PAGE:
03/09/2024, 09.48
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Russia's funeral from Sakharov to Naval'nyj

by Stefano Caprio

Naval'nyy has once again succeeded in overcoming repression and with his death has brought a new 'flower revolution' to the streets. They bring a flower to the small grave in one of the capital's most peripheral and neglected cemeteries where the heart of Russia now stands, the counterbalance to Lenin's mausoleum on Red Square, in front of which the guns and cannons parade.

The mountain of flowers over Aleksej Naval'nyj's grave, just behind the entrance to the Borisovo cemetery on the outskirts of Moscow, has now surpassed two metres in height and ten metres in length, after an uninterrupted pilgrimage lasting more than ten days, during which, according to the most reductive estimates, more than 30,000 people have come to honour the dissident who died in the lager.

Such well-attended funerals have not been seen since the funeral of Andrei Sakharov, who died at the age of 68 in December 1989, on the eve of Russia's momentous changes after seventy years of Soviet rule.

It seemed then a sad twist of fate that the main leader of dissent died prematurely just three years after his release from twenty-year confinement, but the demise of the 47-year-old Naval'nyj after three years in a lager re-proposes in a far more tragic way the fate of free men in the darkness of the inexorable repression that characterises every form of regime in Russia, from the Tatar yoke to tsarism, from communism to Putinism.

If Sakharov had been commemorated in a solemn and official manner, with the body being laid to rest in the Sportivnaja building near the centre of Moscow, with long queues of people waiting in the winter frost for their turn.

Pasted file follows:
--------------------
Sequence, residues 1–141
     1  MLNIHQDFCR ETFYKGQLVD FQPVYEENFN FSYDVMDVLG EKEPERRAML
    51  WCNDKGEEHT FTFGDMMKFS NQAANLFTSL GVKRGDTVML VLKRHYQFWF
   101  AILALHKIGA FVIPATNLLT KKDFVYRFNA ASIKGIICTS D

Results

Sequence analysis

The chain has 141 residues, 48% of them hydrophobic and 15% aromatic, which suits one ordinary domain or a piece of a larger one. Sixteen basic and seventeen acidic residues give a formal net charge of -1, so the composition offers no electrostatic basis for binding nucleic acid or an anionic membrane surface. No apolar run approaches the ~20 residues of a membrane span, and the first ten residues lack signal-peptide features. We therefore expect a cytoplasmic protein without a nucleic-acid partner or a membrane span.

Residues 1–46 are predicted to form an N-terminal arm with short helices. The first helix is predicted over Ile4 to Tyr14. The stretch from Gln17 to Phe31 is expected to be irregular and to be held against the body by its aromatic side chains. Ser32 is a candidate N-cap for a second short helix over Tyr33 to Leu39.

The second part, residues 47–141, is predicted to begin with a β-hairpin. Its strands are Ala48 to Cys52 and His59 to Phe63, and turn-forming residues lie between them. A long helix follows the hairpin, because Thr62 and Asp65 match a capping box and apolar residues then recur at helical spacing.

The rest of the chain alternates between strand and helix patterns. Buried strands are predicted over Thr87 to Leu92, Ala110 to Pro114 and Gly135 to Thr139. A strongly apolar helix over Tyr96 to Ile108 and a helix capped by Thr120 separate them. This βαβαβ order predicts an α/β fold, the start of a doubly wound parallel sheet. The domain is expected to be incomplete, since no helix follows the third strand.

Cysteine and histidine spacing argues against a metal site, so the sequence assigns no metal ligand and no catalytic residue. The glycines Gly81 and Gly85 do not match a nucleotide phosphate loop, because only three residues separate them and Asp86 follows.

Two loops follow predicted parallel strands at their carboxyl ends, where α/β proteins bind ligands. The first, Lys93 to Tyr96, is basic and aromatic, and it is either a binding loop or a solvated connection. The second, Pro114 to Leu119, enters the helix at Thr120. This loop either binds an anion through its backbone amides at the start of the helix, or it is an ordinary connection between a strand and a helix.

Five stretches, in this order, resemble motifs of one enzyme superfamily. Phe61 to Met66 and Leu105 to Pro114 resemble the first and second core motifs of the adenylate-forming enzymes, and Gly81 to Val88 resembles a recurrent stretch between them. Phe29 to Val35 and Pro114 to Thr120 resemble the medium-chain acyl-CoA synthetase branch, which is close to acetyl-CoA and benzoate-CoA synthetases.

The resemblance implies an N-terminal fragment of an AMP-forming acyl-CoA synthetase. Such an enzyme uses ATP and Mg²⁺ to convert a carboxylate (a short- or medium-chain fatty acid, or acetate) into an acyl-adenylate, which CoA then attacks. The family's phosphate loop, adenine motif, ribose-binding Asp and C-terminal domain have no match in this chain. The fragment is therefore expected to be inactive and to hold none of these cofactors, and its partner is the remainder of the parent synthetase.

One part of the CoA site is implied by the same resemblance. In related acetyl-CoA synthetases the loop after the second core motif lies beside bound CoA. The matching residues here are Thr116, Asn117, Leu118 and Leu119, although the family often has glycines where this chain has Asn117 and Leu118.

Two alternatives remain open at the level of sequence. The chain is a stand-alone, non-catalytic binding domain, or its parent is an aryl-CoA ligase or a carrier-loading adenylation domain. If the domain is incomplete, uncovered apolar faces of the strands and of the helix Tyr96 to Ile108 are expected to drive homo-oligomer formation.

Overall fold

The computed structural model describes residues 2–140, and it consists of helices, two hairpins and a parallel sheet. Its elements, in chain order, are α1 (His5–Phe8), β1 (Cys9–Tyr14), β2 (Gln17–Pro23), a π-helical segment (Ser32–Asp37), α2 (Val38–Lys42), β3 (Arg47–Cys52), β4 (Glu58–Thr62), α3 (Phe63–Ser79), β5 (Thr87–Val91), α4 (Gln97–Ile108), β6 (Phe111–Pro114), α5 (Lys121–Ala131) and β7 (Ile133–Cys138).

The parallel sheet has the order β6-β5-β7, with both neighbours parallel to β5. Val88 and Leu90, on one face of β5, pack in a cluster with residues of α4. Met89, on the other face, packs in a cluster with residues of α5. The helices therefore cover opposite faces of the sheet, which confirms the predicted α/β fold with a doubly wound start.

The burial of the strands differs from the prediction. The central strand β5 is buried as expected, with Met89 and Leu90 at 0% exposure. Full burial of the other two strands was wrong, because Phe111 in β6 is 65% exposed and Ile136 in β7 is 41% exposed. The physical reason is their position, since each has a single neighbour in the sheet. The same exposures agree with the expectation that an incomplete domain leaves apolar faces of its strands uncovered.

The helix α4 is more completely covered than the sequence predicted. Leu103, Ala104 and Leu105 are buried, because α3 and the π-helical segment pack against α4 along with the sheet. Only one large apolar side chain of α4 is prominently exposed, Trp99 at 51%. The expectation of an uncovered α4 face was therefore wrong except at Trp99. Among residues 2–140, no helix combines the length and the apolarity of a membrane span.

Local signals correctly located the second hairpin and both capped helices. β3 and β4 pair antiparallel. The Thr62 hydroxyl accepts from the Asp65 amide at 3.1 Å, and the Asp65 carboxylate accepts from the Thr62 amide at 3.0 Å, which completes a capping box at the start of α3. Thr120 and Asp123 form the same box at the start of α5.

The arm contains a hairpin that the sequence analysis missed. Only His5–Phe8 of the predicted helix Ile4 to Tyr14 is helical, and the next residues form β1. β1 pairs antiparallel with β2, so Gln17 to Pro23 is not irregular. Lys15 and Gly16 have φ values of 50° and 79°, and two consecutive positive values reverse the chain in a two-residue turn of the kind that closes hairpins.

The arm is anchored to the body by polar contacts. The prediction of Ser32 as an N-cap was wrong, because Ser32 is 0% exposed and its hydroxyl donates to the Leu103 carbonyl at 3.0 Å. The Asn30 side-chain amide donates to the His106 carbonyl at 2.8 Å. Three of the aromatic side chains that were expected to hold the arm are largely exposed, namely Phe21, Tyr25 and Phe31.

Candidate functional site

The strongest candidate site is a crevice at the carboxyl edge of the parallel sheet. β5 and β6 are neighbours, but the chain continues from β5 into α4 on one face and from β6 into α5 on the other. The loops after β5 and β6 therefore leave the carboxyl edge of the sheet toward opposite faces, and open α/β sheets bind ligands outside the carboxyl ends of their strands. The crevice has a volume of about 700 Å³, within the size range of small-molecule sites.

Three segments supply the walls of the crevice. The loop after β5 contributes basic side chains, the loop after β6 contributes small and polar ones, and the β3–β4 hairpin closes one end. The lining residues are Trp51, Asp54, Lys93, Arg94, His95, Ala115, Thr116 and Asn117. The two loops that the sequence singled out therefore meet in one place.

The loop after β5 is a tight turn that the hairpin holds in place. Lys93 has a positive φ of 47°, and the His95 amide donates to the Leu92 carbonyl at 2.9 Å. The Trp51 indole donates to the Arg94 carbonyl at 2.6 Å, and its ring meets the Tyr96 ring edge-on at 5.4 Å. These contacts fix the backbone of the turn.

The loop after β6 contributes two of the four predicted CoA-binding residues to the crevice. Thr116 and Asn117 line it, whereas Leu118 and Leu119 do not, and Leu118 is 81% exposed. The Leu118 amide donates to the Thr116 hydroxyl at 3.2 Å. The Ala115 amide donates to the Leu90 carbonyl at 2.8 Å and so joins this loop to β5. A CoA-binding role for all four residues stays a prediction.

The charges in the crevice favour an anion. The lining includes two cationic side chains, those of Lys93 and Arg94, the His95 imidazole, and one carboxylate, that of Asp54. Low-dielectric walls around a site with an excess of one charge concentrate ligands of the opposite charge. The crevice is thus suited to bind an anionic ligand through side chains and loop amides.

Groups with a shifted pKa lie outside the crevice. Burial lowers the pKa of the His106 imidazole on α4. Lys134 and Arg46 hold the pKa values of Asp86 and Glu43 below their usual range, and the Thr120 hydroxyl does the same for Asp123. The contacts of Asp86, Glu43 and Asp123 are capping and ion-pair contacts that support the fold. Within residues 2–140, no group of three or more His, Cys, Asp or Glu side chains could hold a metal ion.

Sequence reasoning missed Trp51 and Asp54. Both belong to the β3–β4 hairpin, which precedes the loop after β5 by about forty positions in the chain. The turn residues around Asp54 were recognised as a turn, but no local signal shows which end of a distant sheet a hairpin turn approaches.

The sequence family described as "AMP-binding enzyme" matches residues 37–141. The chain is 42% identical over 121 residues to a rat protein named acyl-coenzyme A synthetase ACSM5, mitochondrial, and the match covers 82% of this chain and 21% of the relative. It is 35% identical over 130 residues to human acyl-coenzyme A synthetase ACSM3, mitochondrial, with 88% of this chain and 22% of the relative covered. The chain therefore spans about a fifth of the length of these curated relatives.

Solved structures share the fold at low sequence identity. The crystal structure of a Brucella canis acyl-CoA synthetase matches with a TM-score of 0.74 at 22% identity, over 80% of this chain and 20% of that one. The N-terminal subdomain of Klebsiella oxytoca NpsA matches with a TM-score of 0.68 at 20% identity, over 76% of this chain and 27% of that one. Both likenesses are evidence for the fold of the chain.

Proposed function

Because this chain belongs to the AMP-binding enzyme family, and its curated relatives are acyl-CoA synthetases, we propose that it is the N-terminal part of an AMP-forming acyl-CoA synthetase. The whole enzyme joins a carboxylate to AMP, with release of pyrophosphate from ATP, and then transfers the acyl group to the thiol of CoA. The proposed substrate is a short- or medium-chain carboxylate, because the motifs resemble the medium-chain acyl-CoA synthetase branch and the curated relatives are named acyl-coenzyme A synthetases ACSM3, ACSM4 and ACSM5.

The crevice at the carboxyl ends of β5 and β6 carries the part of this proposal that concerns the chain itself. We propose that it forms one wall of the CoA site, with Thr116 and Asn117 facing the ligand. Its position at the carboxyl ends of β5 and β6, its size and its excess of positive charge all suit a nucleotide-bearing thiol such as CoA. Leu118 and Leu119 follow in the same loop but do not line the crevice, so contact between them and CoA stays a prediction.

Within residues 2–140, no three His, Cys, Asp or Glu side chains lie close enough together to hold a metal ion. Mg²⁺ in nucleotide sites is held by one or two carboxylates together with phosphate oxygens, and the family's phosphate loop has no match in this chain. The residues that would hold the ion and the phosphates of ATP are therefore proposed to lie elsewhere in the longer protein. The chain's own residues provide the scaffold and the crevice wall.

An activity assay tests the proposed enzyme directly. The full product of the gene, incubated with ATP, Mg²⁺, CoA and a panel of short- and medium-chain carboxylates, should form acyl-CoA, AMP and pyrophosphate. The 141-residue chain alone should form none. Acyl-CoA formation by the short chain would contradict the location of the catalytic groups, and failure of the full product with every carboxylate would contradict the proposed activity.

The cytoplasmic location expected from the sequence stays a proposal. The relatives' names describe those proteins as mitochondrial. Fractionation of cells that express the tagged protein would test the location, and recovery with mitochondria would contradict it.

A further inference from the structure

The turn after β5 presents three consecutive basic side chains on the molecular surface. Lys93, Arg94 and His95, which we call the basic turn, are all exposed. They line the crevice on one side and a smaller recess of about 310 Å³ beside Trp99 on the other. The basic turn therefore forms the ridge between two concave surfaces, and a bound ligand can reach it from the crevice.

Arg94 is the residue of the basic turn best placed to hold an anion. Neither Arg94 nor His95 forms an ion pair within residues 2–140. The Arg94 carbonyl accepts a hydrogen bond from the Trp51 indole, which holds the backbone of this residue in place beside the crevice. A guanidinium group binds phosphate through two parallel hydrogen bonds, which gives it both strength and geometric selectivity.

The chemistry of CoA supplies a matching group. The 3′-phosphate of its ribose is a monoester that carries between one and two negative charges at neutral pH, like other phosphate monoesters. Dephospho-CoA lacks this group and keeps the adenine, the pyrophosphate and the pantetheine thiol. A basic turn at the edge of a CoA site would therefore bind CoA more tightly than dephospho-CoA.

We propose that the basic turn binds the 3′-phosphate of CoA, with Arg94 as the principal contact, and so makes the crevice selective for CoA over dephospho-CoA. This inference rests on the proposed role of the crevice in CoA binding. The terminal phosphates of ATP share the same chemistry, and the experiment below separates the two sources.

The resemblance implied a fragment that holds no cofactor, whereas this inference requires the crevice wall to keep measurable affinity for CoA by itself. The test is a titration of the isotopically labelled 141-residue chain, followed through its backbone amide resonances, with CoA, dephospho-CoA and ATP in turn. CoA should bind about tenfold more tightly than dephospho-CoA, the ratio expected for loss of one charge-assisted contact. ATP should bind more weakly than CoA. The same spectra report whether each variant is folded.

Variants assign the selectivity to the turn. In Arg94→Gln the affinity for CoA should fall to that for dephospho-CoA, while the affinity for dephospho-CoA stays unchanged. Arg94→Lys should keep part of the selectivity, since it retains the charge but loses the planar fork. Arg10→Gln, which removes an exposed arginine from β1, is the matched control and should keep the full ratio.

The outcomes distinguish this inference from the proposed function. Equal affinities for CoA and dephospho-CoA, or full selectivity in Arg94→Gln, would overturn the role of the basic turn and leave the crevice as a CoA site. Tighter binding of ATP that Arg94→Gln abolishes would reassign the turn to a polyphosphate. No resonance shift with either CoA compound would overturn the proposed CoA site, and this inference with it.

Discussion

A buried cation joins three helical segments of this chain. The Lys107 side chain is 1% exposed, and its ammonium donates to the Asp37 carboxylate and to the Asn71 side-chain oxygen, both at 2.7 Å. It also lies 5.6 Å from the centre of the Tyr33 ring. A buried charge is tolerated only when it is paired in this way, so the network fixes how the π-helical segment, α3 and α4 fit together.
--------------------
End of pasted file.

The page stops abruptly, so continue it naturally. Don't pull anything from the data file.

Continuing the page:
The procession to Naval'nyj was heightened by the restrictive conditions that prevented public funeral services, liquidating the church ceremony in a few minutes and only for close relatives, and forcing the many people who had come to the church of the icon of the Mother of God of the 'Relief of Sorrows' to walk to the small cemetery, again amidst the snow and frost of the still imposing winter.

In recent days, Borisovo's caretakers have struggled to keep to the closing times, made even stricter by orders from above, but people have continued to arrive day and night, throwing flowers even over the railings, heedless of the thousands of cameras that filmed every patron and led to the arrest of hundreds of people.

As some of those arrested commented, 'a week in a cell for Naval'nyj is like spending a few minutes with him in paradise', and many will still go to honour him, for days and years to come.

Naval'nyj once again managed to win over the repression, which had been preventing any protest demonstration in Russia for two years, and with his death brought a new 'flower revolution' to the streets, an event that will never again be forgotten in Russian history.